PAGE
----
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Thread: Conveying TiO2

  1. #1
    Join Date
    Dec 02
    Posts
    11

    conveying TiO2

    Can TiO2 be sucessfully conveyed pneumatically and if so what's involved in making the system work.
    Thanks in advance
    Allen L. Powell

  2. #2
    Dennis Hauch - Freeport, TX, USA Guest

    Ti02

    Allen,

    Yes, Ti02 is a good application for pneumatic handling.

    The are two areas that are key to its success 1) entraining it in the airstream and 2) separating it from the airstream.

    Allowing for the material and without knowledge of the thruput or the distance, a vacuum system would offer clear advantages over a pressure system.

    Regards,

    Dennis Hauch

  3. #3
    Matt Scholl Guest
    TiO2 is very difficult to pneumatically convey, it builds up in elbows. You need very high convey velocities and may want to use flexible hose for your elbows.

  4. #4
    Ken Tuckey Guest

    Pnuematic conveying of TiO2

    Hi Allen,

    the material has been pneumatically conveyed and we have been involved in 2 applications in the Richards Bay area of South Africa. Whilst we're not involved in the pneumatics, we've been called in because the wear, especially on the bends, is DRAMATIC. We are working on a solution using Al2O3 {dense alumina wear resistant ceramic} together with the likes of Clyde Bergemann Company.

    our website www.multotec.co.za & the other guys www.clydematerials.com

    We also are involved with several other South African companies including VACAIR & Bateman Engineered Technologies who also do pneumatics conveyancing, similarly we do the wear resistance they do the transport.

    regards & luck,

    Ken

  5. #5
    Nick Hayes Guest

    Ti O2 conveying

    Use an Aero-Mechanical Conveyor. No filters and the cable and disc assembly prevents build up in the tubes. Pneumatic Conveying does not work well primarily because of filtrationa nd build up issues. Flexible and Rigid Augers suffer from the same build up problems.

  6. #6
    kgifford Guest

    Conveying TiO2

    Allen,

    Conforma Clad currently provides tungsten carbide protected elbows and reducers to a number of companies that mine and process titanium dioxide.

    If you'd like more information, please don't hesitate to send me a return e-mail.

    Regards,

    Keith Gifford

  7. #7
    Join Date
    Dec 02
    Posts
    11

    Conveying TiO2

    We're looking at a vacuum system to transfer 5000 to 15000 lbs/Hr. Conveying distance is approximately 60' horizontal and 20' vertical with 3 90 deg bends. What sort of pick up velocity would you use and would flex hose at the turns minimize build up?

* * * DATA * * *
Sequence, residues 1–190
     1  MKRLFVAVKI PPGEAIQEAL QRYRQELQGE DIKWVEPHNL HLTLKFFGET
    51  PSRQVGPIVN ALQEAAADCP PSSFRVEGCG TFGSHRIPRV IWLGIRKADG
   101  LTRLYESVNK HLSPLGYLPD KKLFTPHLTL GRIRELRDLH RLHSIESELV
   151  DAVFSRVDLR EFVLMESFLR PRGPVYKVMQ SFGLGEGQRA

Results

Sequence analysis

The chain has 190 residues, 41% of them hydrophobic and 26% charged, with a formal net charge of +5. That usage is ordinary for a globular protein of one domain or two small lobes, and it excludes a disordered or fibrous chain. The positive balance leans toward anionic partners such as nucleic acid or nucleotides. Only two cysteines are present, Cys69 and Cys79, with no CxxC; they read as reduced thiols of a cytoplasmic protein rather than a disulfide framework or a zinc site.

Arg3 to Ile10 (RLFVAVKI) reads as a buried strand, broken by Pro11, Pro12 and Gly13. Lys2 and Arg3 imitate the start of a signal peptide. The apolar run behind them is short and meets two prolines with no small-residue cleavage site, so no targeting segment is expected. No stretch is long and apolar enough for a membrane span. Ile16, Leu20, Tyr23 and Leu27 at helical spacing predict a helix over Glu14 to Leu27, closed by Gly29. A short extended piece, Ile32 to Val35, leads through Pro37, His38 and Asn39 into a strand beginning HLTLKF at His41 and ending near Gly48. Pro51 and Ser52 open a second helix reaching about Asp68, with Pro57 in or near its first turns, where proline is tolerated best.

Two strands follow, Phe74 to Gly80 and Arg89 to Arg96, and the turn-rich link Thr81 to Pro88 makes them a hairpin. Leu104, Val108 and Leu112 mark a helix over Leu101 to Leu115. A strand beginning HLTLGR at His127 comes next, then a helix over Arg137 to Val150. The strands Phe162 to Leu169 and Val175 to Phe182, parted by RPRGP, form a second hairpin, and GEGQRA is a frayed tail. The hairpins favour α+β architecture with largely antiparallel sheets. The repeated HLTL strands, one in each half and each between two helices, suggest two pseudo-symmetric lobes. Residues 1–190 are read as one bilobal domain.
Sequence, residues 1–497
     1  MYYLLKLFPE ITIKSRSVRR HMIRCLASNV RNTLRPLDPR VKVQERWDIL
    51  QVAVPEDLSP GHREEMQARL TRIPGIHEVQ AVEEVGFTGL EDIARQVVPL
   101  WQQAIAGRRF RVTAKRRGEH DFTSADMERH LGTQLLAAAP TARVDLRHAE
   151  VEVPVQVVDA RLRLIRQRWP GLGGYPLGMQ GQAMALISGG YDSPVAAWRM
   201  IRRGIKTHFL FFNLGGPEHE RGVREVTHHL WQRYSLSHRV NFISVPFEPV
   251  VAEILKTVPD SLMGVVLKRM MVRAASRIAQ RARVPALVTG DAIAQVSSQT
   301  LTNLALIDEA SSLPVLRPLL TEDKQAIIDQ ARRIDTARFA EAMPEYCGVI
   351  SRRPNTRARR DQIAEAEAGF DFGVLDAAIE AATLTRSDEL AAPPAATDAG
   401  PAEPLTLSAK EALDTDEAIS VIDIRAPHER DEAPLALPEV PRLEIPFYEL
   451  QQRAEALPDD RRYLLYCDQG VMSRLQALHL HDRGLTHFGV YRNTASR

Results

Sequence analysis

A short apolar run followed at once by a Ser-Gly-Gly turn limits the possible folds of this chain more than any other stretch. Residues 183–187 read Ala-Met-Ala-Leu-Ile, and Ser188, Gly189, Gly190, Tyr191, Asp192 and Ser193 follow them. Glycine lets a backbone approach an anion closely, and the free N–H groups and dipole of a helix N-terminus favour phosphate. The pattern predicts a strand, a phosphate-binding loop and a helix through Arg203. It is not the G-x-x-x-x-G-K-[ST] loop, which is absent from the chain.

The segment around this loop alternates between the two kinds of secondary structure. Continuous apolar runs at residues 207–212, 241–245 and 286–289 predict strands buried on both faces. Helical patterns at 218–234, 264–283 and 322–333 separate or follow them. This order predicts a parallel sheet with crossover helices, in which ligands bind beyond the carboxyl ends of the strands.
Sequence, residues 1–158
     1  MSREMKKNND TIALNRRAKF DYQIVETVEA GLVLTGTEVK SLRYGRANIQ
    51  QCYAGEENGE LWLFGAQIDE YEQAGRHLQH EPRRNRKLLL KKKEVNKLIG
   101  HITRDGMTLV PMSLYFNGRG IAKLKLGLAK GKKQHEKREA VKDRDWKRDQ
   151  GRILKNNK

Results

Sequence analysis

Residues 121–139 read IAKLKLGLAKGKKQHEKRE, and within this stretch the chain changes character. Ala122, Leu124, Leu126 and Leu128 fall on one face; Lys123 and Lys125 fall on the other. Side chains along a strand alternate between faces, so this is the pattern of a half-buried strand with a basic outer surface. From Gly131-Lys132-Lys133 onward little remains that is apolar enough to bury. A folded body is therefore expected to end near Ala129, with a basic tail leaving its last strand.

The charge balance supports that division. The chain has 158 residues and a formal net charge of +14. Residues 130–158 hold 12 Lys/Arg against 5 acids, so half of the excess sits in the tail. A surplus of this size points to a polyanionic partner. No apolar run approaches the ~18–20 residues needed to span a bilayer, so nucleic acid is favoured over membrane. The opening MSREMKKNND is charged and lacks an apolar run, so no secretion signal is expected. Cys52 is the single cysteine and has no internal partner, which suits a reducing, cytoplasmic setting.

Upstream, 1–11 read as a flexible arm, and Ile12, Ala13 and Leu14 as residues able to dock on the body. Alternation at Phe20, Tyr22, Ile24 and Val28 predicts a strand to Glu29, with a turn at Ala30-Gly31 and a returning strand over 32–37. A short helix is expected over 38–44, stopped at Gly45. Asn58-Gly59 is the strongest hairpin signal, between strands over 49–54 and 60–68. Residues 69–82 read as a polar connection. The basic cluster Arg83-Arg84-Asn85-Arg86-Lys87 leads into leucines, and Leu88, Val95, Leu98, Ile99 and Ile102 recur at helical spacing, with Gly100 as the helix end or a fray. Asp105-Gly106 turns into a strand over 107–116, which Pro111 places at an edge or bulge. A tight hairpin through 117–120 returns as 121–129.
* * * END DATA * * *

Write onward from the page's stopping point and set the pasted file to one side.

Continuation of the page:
Thanks in advance for the info.
    Al Powell
    Allen L. Powell

  8. Allen,

    Some researchers think the pick up velocity is a function of Froude number (It is a debatable issue). But in any case from my personal experience I have found the pick up velocity to be the function of pipe diameter and it increases with the increase in pipe diameter.
    Mantoo

  9. #9
    WHWilson Guest
    Allen --

    Hopefully someone has steered you away from this application since your last post. I would prefer not to give you a velocity recommendation since we avoid conveying TiO2 if at all possible. We have had success in limited use applications, and in applications where we are conveying other materials in the same convey line after the TiO2 has been transported.

    "IF" I were to tackle this application, I would use a vacuum system with some type of feed device at the pickup point to meter the material into the line (NO rotary feeders -- TiO2 loves to seize anything with a close tolerance that moves). I would oversize the conveying line and pump for the desired rate, to compensate for some amount of buildup in the line. I would also attempt to maintain the conveying velocity as low as possible in order to minimize wear at the ells.

    Yes, I would use hose bends, taking into account the added resistance encountered. While the natural "flexing" action of the hose will work to minimize buildup, I would still assign a "knocker" to pound them with a rubber mallet on occasion!

    To minimize downtime, since your conveying distance is relatively short, I would strongly consider running parallel conveying lines outfitted with hose connections on either end. When one of the ells finally wears through, or the inevitable buildup finally creates a plug, you can quickly switch to the second conveying line and keep running while you attend to the problem with the first one.

    Good luck!

  10. #10
    Join Date
    Dec 02
    Posts
    11

    Conveying TiO2

    Gentlemen thank you all for your response. Recently I have been asked to design a system that will be handling a number of materials including TiO2. In the 25 years I've been designing dilute phase pneumatic systems I've always stayed away from conveying TiO2 but never really had a good reason for that attitude.

    Sometimes I believe we miss opportunities because of the traditions we've established for ourselves and I wanted to see what the experience of others had been. It's obvious that, like many aspects of bulk material handling, there is a wide range of opinions.

    Thank you all for your replies.

    Allen Powell
    Allen L. Powell

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